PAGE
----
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CISSBURY RING or CISSBURY KNOT:|
From Cissa(?) (Son of Ælla, Saxon Invader) and Burh (stronghold)
Orig. The Old Byry(?) (1477), Sieberie Hille (1586), Sissabury (1610), Cesars Bury (1663), Cissibury (1732), Sizebury (1744)
Note: The association with the famous Saxon Cissa, while false, is also falsely noted as a 16th century antiquarian invention. The connection with "The Old byry" is also tenuous, leaving the origin of the first part of the name unknown, though it has been suggested the connection with Cissa could have been because of the Saxon mint on the hill. The term Cissbury Knot (or Notch) is allegedly due to the ramparts being raised in certain places in the manner of a knot in the ring, the term coming from the local shepherds. It is worth noting that the local population thought the camp was built and named after Cæser. See also sections on Fairies and the Saxon Mint.
Cissbury Ring is a huge hillfort on the South Downs. The history of Cissbury is long and grand. In the Neolithic, the hill which the hillfort surrounds was the most important flint mining area in Sussex. In the Iron-Age, the biggest hillfort in Sussex was constructed which was reinforced at the end of the Roman occupation to defend against invading Saxons, who then may have used the fort to house a mint. As with many other hillforts, Cissbury was used as a beacon site, before being being used again for military purposes during WWII when the camp was fortified with gun emplacements. The site eventually fell into the hands of the National Trust, though despite this ownership, and the fact that the Ring was a Scheduled Ancient Monument and important for its wildlife, some politicians attempted to put a road through it, which fortunately failed. An astonishing amount of material has been written on Cissbury and more is due in the summer of 2000 when geophysics work is due to be carried out on the inside of the camp.
The Neolithic And Flint Mining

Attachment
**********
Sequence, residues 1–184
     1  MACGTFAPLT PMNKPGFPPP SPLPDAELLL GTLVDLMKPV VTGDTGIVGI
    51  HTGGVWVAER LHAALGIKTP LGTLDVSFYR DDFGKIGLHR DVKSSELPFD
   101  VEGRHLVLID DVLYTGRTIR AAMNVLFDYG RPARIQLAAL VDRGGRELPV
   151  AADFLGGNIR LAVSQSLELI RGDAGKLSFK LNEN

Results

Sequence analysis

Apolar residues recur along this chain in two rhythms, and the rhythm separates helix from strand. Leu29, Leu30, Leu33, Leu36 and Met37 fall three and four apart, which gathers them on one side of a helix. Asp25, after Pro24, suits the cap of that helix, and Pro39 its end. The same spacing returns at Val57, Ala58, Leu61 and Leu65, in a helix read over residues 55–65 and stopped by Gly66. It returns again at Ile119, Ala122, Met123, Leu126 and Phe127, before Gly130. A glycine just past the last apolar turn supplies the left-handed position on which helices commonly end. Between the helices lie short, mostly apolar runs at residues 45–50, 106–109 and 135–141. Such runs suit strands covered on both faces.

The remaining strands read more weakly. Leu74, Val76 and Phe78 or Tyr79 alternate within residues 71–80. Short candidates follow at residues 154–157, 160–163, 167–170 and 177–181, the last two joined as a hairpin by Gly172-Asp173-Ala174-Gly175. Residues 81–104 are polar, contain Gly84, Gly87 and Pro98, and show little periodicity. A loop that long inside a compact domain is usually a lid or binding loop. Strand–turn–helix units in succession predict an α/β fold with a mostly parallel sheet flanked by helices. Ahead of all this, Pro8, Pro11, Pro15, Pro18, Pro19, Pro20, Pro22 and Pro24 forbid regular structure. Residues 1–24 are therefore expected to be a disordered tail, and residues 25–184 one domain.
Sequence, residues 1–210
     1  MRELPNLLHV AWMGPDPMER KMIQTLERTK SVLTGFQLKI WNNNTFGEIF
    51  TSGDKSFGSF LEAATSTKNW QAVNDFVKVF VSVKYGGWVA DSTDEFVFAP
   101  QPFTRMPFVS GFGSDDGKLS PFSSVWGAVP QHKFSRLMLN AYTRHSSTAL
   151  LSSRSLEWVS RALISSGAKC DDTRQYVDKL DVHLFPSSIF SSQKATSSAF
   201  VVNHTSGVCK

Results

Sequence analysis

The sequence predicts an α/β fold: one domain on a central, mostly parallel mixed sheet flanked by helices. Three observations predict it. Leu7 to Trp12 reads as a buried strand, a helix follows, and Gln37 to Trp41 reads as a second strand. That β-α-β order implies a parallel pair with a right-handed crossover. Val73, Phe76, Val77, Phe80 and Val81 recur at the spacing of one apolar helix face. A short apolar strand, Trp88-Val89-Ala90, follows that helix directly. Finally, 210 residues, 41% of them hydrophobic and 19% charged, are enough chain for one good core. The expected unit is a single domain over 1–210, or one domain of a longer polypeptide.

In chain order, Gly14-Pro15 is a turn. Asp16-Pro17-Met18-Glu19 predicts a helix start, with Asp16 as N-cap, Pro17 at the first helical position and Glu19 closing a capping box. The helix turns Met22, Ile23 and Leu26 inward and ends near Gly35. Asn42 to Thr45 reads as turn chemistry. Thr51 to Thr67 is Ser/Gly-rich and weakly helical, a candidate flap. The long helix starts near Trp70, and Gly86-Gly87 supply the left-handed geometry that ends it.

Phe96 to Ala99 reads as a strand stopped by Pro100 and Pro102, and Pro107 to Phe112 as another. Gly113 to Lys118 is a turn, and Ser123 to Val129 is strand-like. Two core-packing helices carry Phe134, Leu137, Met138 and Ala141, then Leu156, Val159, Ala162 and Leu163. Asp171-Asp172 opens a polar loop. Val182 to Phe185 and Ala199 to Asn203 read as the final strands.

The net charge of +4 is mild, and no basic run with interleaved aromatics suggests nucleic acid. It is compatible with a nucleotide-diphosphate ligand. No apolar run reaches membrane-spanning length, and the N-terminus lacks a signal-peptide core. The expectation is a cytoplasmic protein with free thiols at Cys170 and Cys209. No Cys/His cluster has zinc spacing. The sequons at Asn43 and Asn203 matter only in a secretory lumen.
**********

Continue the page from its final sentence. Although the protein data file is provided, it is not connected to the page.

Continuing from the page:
As has been mentioned, the history of the hill on which Cissbury hillfort rests begins in the Neolithic with the construction of the most important network of flint mining tunnels in Sussex. The area of mining can be seen today as a series of pits with a diameter between 3 and 36 metres, which form a rough crescent within the western side of the camp and extend outside of the ramparts slightly to the west and in a line thin line to the south. It is not entirely certain how far the mining originally extended, as many of the shafts have been ploughed over within the confines of the camp when it was occupied and farmed within the Iron-Age and Romano-British periods. Nevertheless, a recent RCHME survey suggests that the area of mining "covered a minimum of 9 hectares and consisted of at least 270 mineshafts", with many shallow circular depressions being interpreted as mines that extend towards the centre of the camp. Two of these depressions are very deep and appear to have been reused as ponds rather than being ploughed over. Between the pits of the remaining shafts are the spoil heaps and knapping floors that are the by-products of flint tool mining and production. The spoil tends to have been thrown downhill, with a very large heap being in evidence just outside of the rampart on the south-west side. Before excavation, the hollows that were all that were left of the mine shafts were thought to be the sites of "rude huts" of the occupants of the hillfort itself, or even a series of dish barrows, cattle pens, rubbish pits or water tanks. Just underneath the topsoil, many of the pits contain the remains of flint-knapping, small pieces of antler and remains of fires, suggesting the remaining pits after the shafts were backfilled were used by the knappers as a sheltered place to perform their work.